Enter the common name for the VPN Concentrator to be used in the public-key infrastructure (PKI) in the Common Name (CN) field.
Enter your department in the Organizational Unit (OU) field. The OU should match the configured IPsec group name.
Enter your organization or company in the Organization (O) field.
Enter your city or town in the Locality (L) field.
Enter your state or province in the State/Province (SP) field.
Enter your country in the Country (C) field.
Enter the Fully Qualified Domain Name (FQDN) for the VPN Concentrator to be used in the PKI in the Fully Qualified Domain Name (FQDN) field.
Enter the email address for the VPN Concentrator to be used in the PKI in the Subject Alternative Name (email Address) field.
Enter the challenge password for the certificate request in the Challenge Password field.
Re-enter the challenge password in the Verify Challenge Password field.
Select the key size for the generated RSA key pair from the Key Size drop-down list.
Select Enroll and view the SCEP status in the polling state.
Go to your CA server to approve the identity certificate. Once it is approved on the CA server, your SCEP status should be Installed.
Under Certificate Management, you should see your Identity Certificate.
If you do not, check the logs on your CA server for more troubleshooting.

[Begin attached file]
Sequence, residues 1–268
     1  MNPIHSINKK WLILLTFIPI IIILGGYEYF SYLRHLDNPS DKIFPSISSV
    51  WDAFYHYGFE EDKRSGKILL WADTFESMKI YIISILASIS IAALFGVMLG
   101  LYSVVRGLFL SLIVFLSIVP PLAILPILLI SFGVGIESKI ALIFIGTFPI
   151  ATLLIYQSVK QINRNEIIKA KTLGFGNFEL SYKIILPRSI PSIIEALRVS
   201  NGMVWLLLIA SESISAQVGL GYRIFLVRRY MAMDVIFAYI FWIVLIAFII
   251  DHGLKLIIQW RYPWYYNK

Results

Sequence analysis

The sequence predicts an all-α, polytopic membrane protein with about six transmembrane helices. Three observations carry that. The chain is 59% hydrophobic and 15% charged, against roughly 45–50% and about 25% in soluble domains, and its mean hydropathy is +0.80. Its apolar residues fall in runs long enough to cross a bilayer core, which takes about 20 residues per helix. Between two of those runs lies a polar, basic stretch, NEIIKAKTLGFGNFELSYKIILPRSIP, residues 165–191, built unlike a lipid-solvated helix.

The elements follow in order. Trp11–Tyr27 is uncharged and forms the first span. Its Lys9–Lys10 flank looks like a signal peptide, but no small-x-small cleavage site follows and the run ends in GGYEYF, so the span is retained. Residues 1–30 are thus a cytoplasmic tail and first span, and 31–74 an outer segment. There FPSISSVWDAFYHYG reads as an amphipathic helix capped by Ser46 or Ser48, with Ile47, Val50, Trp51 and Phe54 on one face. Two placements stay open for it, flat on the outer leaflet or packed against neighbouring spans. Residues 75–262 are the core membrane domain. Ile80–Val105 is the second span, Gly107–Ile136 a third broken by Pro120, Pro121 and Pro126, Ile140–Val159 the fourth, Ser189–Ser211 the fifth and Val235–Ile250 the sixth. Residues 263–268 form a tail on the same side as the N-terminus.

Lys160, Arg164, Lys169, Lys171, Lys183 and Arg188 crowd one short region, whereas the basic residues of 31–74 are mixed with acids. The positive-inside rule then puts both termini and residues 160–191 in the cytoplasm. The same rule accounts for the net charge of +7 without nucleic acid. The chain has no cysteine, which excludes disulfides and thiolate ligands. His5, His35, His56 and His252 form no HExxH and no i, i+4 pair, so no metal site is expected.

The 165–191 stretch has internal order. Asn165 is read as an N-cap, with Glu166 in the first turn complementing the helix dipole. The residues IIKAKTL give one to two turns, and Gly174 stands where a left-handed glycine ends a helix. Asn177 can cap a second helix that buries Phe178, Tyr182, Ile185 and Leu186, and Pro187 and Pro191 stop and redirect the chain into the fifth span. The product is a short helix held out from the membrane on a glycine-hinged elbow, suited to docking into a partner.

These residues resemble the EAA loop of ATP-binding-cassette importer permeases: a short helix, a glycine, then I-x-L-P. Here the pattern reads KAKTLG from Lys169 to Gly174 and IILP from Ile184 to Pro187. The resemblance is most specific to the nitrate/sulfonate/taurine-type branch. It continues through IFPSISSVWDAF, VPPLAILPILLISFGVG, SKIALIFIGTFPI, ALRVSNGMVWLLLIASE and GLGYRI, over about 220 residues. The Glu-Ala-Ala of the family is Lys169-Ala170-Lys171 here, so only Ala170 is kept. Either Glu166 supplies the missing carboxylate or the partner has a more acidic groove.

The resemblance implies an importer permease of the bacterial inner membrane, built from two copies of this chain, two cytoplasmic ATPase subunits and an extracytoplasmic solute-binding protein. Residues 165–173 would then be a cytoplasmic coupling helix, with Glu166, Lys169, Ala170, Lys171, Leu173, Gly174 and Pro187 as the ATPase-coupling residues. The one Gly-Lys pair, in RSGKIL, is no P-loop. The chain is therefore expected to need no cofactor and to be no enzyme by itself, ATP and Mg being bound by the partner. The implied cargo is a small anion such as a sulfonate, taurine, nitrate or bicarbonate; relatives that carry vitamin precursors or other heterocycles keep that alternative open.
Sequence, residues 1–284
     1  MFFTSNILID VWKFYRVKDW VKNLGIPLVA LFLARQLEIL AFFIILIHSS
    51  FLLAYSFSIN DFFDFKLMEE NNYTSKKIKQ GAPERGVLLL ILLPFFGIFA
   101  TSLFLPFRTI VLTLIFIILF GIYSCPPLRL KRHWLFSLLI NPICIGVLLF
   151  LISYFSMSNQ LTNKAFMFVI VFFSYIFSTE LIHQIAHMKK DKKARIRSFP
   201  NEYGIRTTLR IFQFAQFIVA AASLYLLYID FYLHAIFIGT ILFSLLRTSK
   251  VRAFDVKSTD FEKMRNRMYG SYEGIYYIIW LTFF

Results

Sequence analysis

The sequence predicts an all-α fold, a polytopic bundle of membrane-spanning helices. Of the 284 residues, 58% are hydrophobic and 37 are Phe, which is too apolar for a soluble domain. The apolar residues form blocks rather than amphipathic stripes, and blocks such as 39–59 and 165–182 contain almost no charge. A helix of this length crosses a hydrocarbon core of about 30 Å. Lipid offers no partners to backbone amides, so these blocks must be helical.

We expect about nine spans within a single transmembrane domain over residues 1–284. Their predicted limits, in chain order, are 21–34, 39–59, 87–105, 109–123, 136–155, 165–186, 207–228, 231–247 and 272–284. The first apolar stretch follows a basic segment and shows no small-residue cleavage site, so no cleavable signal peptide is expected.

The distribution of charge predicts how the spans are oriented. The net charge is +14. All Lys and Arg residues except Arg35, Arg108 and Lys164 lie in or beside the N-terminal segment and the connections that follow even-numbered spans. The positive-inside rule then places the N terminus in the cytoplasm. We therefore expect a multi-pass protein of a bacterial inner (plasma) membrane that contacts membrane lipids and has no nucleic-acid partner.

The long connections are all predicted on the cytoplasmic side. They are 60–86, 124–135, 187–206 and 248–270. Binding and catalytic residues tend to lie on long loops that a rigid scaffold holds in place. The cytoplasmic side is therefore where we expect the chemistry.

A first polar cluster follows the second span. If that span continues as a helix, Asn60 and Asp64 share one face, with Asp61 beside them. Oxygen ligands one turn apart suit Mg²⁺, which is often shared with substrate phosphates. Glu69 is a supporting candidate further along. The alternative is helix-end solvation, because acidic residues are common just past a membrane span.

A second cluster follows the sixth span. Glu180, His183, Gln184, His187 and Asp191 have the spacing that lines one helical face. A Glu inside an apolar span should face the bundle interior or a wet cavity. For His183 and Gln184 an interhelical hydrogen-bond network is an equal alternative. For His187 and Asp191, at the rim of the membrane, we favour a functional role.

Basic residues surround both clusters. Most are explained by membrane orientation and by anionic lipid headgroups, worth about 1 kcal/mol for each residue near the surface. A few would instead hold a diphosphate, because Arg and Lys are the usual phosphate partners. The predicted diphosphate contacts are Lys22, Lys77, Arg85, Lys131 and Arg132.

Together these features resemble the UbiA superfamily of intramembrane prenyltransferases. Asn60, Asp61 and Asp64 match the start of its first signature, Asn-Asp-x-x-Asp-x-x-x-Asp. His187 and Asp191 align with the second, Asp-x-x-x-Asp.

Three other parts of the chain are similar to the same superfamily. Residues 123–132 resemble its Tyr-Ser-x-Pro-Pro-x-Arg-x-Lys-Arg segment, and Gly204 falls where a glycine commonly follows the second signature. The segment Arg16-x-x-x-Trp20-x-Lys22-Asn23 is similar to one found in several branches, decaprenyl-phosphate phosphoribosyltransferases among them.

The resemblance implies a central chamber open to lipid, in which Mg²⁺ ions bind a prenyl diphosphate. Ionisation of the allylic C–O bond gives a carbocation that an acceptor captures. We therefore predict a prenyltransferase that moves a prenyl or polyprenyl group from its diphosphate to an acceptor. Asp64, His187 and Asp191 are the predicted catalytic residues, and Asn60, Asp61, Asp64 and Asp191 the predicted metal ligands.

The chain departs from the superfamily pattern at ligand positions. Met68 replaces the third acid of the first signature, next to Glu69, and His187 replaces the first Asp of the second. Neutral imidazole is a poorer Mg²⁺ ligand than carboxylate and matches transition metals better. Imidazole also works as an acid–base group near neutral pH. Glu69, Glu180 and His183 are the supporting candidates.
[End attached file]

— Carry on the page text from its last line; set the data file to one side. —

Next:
Select View on your received certificate to see if your certificate has a CRL Distribution Point (CDP).
CDP lists all CRL distribution points from the issuer of this certificate. If you have CDP on your certificate, and you use a DNS name to send a query to the CA server, make sure that you have DNS servers defined in your VPN Concentrator to resolve the hostname with an IP address. In this case, the example CA server's host name is jazib-pc which resolves to an IP address of 172.18.124.96 on the DNS server.
Click Configure on your CA certificate to enable CRL checking on the received certificates.
If you have CDP on your received certificate and you would like to use it, then select Use CRL distribution points from the certificate being checked.
Since the system has to retrieve and examine the CRL from a network distribution point, enabling CRL checking might slow system response times. Also, if the network is slow or congested, CRL checking might fail. Enable CRL caching to mitigate these potential problems. This stores the retrieved CRLs in local volatile memory and therefore allows the VPN Concentrator to verify the revocation status of certificates more quickly.
With CRL caching enabled, the VPN Concentrator first checks whether the required CRL exists in the cache and checks the serial number of the certificate against the list of serial numbers in the CRL when it needs to check the revocation status of a certificate. The certificate is considered revoked if its serial number is found. The VPN Concentrator retrieves a CRL from an external server either when it does not find the required CRL in the cache, when the validity period of the cached CRL has expired, or when the configured refresh time has elapsed. When the VPN Concentrator receives a new CRL from an external server, it updates the cache with the new CRL. The cache can contain up to 64 CRLs.
Note: The CRL cache exists in memory. Therefore, rebooting the VPN Concentrator clears the CRL cache. The VPN Concentrator repopulates the CRL cache with updated CRLs as it processes new peer authentication requests.